embolic protection
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Gursant S. Atwal ◽  
Kunal Vakharia ◽  
Vernard S. Fennell ◽  
Elad I. Levy

Kiana Moussavi ◽  
Mohammad Moussavi

Introduction : Approximately 20% of all acute ischemic strokes occur in the vertebrobasilar (VB) circulation. Similar to carotid stenosis, symptomatic vertebral artery (VA) stenosis is associated with a high risk of stroke recurrence. The use of embolic protection devices for recanalization in the setting of carotid stenosis in order to improve clinical outcomes is well established. Recent randomised trials have failed to demonstrate improvement of clinical outcomes in VB stroke patients treated with stenting. To our knowledge, these studies did not require the use of embolic protection devices or techniques. This may be due to several factors. Firstly, since the caliber of the stenotic segment of VA is not large enough to safely allow the protection device delivery system to pass through, initial angioplasty without protection is needed. Secondly, the most common segment of VA to become stenotic is its origin, and usually after stenting of this segment, the edge of the stent is protruding into the SCA. When the angle of the VA relative to the SCA is acute, passing the filter capture catheter through this protruded stent is very difficult and dangerous. Methods : We are introducing a VA reversal blood flow technique for prevention of emboli through the VB system in the setting of symptomatic extracranial VA stenosis. In this technique, we used a balloon tip guide catheter in order to transiently occlude the proximal segment of the SCA, causing flow arrest. We then evaluated the presence of blood flow reversal in the VA. Theoretically, this induction of blood flow reversal in the VA can be considered protective because it washes the embolic particles into the distal SCA. Results : Of the 11 cases of VA origin symptomatic stenosis, 4 had desirable VA blood flow reversal after balloon occlusion trial. These patients had successful angioplasty‐stenting of the VA origin using balloon mounted stent without major complications such as ischemic stroke in the posterior circulation territory. Conclusions : This study demonstrates the feasibility of proximal SCA balloon occlusion to cause transient flow reversal in the VA during angioplasty +/‐ stenting of the proximal VA. Future studies are required to determine the effectiveness of this approach in the setting of extracranial VA stenosis due to atherosclerosis, especially at its proximal segment.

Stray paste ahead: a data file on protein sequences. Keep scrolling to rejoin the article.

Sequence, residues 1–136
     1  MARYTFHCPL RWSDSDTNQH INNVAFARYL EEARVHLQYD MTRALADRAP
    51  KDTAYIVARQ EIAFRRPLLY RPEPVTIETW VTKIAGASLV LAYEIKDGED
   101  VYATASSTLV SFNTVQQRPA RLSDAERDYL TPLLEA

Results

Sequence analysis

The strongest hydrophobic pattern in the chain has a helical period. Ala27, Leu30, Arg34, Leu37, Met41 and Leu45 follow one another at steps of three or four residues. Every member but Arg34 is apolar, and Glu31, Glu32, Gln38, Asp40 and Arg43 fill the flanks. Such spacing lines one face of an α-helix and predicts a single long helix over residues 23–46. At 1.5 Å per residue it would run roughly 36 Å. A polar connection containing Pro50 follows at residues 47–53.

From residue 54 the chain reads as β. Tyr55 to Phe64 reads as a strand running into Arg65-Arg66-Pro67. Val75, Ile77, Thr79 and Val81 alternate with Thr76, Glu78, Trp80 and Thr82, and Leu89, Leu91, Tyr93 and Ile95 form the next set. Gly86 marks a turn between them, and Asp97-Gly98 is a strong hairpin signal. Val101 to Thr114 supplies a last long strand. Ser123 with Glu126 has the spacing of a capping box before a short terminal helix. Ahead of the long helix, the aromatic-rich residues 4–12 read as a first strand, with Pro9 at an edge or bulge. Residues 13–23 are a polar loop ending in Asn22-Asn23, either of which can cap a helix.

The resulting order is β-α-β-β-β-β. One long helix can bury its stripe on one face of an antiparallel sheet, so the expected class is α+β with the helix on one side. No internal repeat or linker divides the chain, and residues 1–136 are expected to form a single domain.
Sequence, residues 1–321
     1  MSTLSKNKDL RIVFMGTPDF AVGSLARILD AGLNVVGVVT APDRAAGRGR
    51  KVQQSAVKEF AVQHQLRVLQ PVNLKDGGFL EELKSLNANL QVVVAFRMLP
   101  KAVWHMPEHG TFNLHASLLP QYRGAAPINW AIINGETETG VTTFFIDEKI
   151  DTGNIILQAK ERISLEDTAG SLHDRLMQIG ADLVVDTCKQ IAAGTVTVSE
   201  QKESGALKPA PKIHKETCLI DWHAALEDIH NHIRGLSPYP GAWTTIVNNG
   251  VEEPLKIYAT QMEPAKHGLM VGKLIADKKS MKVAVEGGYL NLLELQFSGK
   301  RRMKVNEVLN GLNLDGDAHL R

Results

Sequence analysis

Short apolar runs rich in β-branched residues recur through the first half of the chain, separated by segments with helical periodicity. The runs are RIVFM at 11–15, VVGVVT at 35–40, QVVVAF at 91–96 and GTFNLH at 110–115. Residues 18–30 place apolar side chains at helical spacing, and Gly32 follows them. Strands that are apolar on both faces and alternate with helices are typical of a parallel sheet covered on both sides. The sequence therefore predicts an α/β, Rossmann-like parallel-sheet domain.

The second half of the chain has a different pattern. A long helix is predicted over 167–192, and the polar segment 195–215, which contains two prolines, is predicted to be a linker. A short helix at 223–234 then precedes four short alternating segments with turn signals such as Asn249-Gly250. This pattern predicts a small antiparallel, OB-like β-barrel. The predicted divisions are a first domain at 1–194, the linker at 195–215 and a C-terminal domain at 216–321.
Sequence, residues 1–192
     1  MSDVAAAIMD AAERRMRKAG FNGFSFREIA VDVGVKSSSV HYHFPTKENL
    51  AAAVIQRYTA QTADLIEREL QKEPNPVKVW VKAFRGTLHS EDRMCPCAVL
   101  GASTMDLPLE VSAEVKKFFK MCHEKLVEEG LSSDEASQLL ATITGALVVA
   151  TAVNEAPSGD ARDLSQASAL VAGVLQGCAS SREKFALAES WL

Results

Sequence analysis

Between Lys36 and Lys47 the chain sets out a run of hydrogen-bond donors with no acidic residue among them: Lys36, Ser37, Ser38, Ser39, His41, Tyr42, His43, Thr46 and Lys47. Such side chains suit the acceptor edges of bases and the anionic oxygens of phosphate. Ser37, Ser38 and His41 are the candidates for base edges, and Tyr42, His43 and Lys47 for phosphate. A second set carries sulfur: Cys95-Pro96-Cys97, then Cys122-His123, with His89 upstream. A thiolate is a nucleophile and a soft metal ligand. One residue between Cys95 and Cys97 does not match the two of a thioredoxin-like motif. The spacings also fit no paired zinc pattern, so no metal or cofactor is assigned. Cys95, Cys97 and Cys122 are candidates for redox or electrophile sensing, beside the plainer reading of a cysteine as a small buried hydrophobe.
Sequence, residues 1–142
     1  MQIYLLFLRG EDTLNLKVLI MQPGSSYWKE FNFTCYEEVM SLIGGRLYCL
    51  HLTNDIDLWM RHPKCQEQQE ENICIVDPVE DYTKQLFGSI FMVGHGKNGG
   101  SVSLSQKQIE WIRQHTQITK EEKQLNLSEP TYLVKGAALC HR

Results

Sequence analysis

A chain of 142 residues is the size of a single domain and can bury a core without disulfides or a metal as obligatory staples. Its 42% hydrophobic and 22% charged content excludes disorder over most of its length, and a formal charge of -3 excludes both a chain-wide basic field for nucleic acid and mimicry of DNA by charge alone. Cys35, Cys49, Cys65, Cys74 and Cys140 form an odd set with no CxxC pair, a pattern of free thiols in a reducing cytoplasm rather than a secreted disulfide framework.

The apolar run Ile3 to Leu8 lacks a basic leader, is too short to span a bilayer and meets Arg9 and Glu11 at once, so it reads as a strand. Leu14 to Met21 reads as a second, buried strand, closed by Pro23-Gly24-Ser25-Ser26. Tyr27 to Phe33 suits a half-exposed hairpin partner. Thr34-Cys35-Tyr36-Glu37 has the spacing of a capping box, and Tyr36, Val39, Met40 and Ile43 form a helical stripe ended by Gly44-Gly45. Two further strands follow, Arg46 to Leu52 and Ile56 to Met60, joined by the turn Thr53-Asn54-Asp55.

Michael I Nahhas ◽  
Grant J Meeks ◽  
Juan Carlos Martinez‐Gutierrez ◽  
Gary R Spiegel ◽  
Yazan Alderazi ◽  

Introduction : Prevention of distal embolization during carotid artery stenting (CAS) is a key element of procedural technique and is standardly performed using distal protection devices (DPDs). Data in support of DPDs, however, are limited. Here, we present our experience of proximal occlusion using a balloon guide catheter (BGC) during CAS as the primary method of distal embolic protection. Methods : We conducted a retrospective review of patients undergoing CAS at our healthcare system between January of 2018 to March of 2021. Procedures were categorized by embolic protection strategy: DPD or BGC (with or without DPD). Emergent cases were defined as patients receiving CAS within <24 hours of presenting with an ischemic stroke or TIA ipsilateral to the carotid disease side. Severe stenosis was defined as 70–99% per NASCET criteria. The primary outcome was rate of procedural ischemic stroke between the DPD and BGC groups, and was defined as acute focal neurological deficit lasting for ≥ 24 hours following CAS related to an embolic event during the procedure. Results : A total of 126 CAS procedures were performed during the study period. 91 cases were performed under proximal BGC protection (of which 24 also included DPD usage) and 35 CAS cases via DPD as a primary mean for embolic protection. The median age for the cohort was 68 [IQR 62‐76], 37% females, 31% (n = 39) cases were treated emergently, and elective cases were 69% (n = 87). Baseline characteristics were similar in both groups except for hyperlipidemia (BGC vs DPD, 71.4% vs 42.9%; p = 0.003) and history of smoking (BGC vs DPD, 56% vs 34.4%; p = 0.029). Severe carotid stenosis was present in 80.2% BGC group and 77.1% in DPD (p = 0.573). Post‐stenting balloon angioplasty was more frequent in the BGC group as compared with DPD (54% vs. 26%, BGC vs. DPD, p = 0.005). Procedural embolic stroke rates were low in both groups, and not significantly different (1.1% vs. 2.9%, BGC vs. DPD, p = 0.48). Conclusions : CAS with BGC as the primary means of distal embolic protection showed comparable, low rates of procedural embolic ischemic events compared to those with DPD. These findings suggest BGC embolic strategies may be a viable alternative to DPD usage.

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